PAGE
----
Anthony Bourdain did not have narcotics in his system at the time of his death earlier this month in France

Christian de Rocquigny, the public prosecutor who is overseeing the investigation, confirmed the result of his toxicology report to USA TODAY. (The New York Times was the first outlet to report the news about his toxicology report.)

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CNN reported on June 8 that Bourdain's friend chef Eric Ripert found him unresponsive in his hotel room in Kaysersberg, located in the eastern region of Alsace, close to the German border. Bourdain, 61, was there shooting footage for his CNN show "Parts Unknown."

De Rocquigny had previously confirmed to the Times and People magazine that the cause of death was suicide by hanging.

In addition to the absence of narcotics, the Times reports "a nonnarcotic medicine in a therapeutic dose" was present, according to de Rocquigny .

Bourdain was born in New York and raised in New Jersey, graduated from the Culinary Institute of America and rose to nationwide prominence as executive chef at New York's Brasserie Les Halles.

He was also frank about his past heroin use and the prevalence of substance-abuse issues in the culinary world. He would go on to discuss these issues on "Parts Unknown," covering the impact of the drug trade on Mexico in a Season 3 episode and the opioid epidemic during a Season 4 installment set Massachusetts.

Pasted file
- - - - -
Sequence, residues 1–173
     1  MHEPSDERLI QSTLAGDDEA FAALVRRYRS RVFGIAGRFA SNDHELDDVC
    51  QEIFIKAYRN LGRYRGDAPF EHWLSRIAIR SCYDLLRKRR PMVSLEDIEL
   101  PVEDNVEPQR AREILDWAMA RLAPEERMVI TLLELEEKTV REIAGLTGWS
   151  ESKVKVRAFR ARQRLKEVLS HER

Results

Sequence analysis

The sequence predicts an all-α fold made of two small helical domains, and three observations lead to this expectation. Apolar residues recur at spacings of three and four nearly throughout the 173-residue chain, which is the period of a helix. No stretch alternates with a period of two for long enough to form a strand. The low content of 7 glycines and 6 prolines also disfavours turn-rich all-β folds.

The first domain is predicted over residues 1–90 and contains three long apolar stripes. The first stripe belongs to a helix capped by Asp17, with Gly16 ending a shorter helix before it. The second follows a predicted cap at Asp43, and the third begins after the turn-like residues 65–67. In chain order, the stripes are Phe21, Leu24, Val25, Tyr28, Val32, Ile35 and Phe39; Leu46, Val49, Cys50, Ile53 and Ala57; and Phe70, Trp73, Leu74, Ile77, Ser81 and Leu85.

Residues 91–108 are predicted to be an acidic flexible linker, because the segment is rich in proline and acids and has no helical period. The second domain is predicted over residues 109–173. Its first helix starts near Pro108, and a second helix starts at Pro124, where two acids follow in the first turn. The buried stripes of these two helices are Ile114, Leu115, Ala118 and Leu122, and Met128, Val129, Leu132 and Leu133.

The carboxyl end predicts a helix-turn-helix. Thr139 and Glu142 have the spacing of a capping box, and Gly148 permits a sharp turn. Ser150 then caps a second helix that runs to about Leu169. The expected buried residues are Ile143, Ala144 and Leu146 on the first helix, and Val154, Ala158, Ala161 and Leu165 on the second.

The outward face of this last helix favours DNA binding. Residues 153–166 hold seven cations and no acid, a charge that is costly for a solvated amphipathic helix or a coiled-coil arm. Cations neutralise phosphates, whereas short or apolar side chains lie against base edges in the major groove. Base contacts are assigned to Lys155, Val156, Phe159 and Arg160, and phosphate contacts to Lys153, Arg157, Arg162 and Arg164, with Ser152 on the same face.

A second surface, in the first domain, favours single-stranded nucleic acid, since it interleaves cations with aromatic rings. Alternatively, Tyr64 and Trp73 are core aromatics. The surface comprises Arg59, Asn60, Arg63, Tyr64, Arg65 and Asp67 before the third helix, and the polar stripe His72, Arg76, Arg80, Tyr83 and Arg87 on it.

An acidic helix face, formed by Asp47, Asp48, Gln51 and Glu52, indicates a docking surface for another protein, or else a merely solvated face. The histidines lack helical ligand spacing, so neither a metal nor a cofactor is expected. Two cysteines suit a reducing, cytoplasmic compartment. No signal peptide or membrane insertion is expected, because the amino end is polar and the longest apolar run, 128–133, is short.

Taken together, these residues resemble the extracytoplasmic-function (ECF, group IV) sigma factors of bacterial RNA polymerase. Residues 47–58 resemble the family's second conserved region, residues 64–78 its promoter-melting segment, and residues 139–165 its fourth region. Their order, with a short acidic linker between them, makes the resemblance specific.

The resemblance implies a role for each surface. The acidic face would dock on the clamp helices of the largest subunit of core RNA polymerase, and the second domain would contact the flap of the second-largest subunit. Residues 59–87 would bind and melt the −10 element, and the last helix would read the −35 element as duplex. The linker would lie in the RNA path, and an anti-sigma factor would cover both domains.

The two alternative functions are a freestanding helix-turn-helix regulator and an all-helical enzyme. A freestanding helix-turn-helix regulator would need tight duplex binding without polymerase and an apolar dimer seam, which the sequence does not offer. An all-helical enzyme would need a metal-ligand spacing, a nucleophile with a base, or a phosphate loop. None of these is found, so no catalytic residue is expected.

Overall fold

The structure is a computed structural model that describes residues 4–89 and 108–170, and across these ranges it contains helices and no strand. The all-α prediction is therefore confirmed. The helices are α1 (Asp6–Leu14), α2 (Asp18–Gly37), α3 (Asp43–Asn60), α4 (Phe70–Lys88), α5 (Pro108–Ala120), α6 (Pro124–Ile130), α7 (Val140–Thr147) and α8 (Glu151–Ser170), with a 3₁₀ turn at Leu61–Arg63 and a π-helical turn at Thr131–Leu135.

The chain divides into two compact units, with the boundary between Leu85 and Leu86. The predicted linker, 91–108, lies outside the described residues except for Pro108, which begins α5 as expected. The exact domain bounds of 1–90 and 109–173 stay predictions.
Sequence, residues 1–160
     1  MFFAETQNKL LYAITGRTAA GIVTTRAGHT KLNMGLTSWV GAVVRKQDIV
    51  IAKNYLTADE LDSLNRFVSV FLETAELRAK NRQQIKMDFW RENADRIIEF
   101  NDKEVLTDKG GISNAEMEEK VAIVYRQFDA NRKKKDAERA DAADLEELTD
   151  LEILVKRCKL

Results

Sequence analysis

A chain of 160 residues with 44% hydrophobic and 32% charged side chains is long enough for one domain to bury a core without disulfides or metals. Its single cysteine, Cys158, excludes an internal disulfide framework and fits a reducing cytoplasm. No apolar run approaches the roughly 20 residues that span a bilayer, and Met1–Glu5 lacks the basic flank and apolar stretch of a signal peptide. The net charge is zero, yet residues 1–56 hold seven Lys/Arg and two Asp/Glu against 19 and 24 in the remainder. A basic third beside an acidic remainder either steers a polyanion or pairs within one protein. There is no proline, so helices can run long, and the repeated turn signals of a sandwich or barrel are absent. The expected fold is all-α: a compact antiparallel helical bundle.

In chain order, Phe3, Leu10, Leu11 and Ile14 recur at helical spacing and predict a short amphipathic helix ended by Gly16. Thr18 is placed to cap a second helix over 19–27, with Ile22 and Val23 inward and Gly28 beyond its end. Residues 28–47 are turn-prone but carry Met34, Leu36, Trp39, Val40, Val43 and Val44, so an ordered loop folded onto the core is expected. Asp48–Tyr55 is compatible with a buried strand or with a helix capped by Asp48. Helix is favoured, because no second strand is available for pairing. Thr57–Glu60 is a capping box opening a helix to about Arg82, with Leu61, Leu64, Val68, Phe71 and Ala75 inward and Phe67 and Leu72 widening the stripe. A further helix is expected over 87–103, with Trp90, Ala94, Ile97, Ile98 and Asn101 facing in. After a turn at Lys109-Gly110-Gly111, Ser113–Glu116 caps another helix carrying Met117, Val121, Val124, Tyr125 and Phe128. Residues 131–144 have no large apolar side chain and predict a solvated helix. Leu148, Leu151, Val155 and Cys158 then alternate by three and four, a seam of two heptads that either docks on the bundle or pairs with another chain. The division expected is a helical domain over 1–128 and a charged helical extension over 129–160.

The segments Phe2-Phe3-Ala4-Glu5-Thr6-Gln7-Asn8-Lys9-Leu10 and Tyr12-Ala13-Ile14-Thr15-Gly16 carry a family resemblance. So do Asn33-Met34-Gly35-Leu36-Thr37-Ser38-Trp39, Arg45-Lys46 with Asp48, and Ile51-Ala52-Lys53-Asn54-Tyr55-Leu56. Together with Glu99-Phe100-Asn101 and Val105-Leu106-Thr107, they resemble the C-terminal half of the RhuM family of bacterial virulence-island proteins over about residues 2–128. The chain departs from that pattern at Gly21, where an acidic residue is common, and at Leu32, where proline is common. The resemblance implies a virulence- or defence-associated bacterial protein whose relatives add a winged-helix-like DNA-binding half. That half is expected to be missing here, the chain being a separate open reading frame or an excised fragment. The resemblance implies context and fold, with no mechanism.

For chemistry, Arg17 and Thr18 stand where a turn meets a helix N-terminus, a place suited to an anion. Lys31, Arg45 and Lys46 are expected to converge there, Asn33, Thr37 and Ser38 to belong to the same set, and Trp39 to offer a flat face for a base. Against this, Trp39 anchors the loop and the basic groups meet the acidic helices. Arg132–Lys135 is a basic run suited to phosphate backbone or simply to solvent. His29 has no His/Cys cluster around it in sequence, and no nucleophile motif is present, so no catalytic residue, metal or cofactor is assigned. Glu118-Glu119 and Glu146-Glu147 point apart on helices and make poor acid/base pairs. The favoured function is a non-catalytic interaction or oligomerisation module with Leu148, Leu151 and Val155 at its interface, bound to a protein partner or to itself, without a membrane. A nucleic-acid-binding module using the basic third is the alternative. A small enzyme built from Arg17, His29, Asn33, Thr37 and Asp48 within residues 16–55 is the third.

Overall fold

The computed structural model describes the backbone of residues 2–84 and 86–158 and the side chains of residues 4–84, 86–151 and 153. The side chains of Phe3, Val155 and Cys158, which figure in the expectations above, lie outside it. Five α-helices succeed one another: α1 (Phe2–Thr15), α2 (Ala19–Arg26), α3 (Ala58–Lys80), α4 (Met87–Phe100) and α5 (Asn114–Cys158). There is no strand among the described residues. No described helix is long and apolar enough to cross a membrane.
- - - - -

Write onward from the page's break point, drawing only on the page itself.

Bourdain began transitioning into the second phase of his career, turning a 1999 New Yorker story called "Don't Eat This" into the best-selling book "Kitchen Confidential," offering foodies a glimpse at what goes on behind the doors of their favorite restaurants and insider tips, like why they should never order fish on a Monday (when it was least likely to be fresh) and avoid brunch buffets (a dumping ground of leftover food from weekend dinner shifts cooked by hung-over B-team chefs).

"Kitchen Confidential" spawned two TV series: a Food Network travelogue called "A Cook's Tour" and a short-lived Fox sitcom based on his career and personal foibles, starring a then-up-and-coming Bradley Cooper.

Bourdain became a household name with his next series, Travel Channel's "No Reservations," which followed him as he traveled the world in search of life-changing culinary and cultural experiences.

The show also sometimes made him a witness to history, like in 2006 when he and his fixer found themselves trapped in Beirut as the Israel-Lebanese conflict broke out. A decade later, Bourdain and President Obama supped together at a hole-in-the-wall restaurant in the Vietnamese capital of Hanoi, a meal that became known as the "noodle summit."

"Parts Unknown" debuted on CNN in 2013.

Representatives for Bourdain and de Rocquigny did not immeditaly return USA TODAY's request for comment.